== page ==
So, you want to know how to choose the right high school or college. There are many different criteria one can apply to the choosing process. The most obvious is academic. But the “best” school isn’t always the best school for you. For the international student, it is important to see where a high school’s graduates are accepted to college. Most high schools send graduates to a variety of top 50 and 100 colleges with some regularity; it largely depends on the aptitude of the student.
Maximizing your child’s potential to learn – at both the high school and college level – is a product of choosing the right environment for their body, mind, and personality. Emotional and physical well-being are major components of overall educational success. With that in mind, consider these broad environmental influences to narrow down your school search:
What are you talking about? What does “density” have to do with choosing the right school?
The best environment for you to study in is one that strikes a balance between the least amount of distractions and the most tolerable level of boredom. Basically, are you a city mouse or a country mouse? Density is about pace and lifestyle. The first thing a person must consider is if the city or the suburbs or the country suits their personality and compliments their best study practices.
Okay, now we’re making a little more sense. Let’s talk about the climate!
Not really, climate and the weather are entirely different than geographic location. My wife could never live farther away than a short drive to the ocean. It grounds her, completes her, connects with her spirit. I, on the other hand, can live without sand in my trunks or between my toes. I do like the ocean, but prefer it viewed from a cliff; or, if I have to, venture to the beach when nobody else is around to soak up the sun through a hoodie and long pants.
Ocean, mountains, lakes, plains, rivers, forests, or desert; choose a place that speaks to your soul when stress is mounting.
Yes, now we can talk about the weather.
Here in New England we have a saying, “If you don’t like the weather, wait a minute.” I wish that were an exaggeration sometimes. There’s nothing like venturing out in the morning wearing a t-shirt and wishing you’d worn a sweater by lunch. In just the past 6 hours we went from 30°C to 10°C. We get to experience all kinds of temperature swings from season to season and day to day; it snows a lot in winter, the autumn leaves are stunning, the summers are hot and humid, and spring sometimes only shows up for a few weeks. That’s not for everyone.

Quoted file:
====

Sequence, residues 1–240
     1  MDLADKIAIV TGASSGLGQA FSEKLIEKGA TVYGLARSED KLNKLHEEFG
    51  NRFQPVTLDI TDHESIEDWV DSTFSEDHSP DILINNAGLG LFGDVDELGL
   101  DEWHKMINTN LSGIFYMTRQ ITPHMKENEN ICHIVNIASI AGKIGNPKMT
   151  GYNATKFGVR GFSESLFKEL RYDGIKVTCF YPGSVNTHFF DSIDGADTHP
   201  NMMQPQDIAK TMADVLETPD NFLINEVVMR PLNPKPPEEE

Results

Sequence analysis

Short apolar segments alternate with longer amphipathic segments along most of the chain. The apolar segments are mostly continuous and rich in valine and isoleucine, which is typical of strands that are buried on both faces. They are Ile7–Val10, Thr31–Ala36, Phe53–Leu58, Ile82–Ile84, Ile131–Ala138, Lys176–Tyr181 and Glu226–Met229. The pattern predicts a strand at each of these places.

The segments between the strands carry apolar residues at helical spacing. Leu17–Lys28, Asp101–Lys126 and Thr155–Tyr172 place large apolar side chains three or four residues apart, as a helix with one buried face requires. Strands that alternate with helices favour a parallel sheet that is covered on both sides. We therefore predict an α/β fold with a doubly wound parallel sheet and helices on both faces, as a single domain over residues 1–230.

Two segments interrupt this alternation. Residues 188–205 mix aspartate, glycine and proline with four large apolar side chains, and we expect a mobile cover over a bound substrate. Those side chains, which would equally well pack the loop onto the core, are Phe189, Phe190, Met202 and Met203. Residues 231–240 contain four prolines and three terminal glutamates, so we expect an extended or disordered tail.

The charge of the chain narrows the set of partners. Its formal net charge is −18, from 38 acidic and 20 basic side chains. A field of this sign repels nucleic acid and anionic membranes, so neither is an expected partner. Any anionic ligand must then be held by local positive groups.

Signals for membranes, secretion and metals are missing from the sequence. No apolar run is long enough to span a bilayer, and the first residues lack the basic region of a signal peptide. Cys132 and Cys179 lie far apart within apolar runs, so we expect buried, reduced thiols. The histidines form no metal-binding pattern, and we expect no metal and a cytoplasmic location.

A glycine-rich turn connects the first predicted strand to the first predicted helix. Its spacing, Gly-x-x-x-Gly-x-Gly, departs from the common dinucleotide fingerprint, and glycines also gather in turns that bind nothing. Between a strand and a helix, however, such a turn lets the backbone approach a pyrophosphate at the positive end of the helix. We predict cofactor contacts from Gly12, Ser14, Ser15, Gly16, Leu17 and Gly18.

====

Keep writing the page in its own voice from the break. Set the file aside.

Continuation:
If being warm is your thing, or powerful thunderstorms, or skiing, or a happy medium somewhere in between, choose your climate location carefully. It can ruin your concentration if you dread going outside.
What if I don’t want to attend a school with too many kids from my country? What if I do want to attend a school with a lot of kids from my country?
You should definitely consider the reasons why you ask either of those questions. If your motivation to be around ex-pats while studying abroad is because of language and culture, you ought to take a moment to be honest with yourself. Leaving your country with the intent to recreate familiarity in another country is a sign you should consider staying home.
All it takes is one other student from your homeland for you to avoid the hard work of acclimation. That being said, it can be difficult to find a school where there aren’t any ex-pats. If this criterion is important to you, you’ll need to make sacrifices in other categories
Culture is a blend of many different things: language, food, music and arts, values, social norms, local laws and customs, etc. It may seem silly when considering a study abroad program in the US to say, “culture is a factor”. It’s rather obvious that the culture will be different. But, even in the US there are huge differences in culture from city to city, and region to region. California culture is so different from Texas culture as is Chicago to Boston to Miami. Even Canada, Europe, and Australia are vastly different in cultural characteristics.
Do your research. Decide what’s most important to your sense of culture and then ask if you’re prepared to be challenged in that way.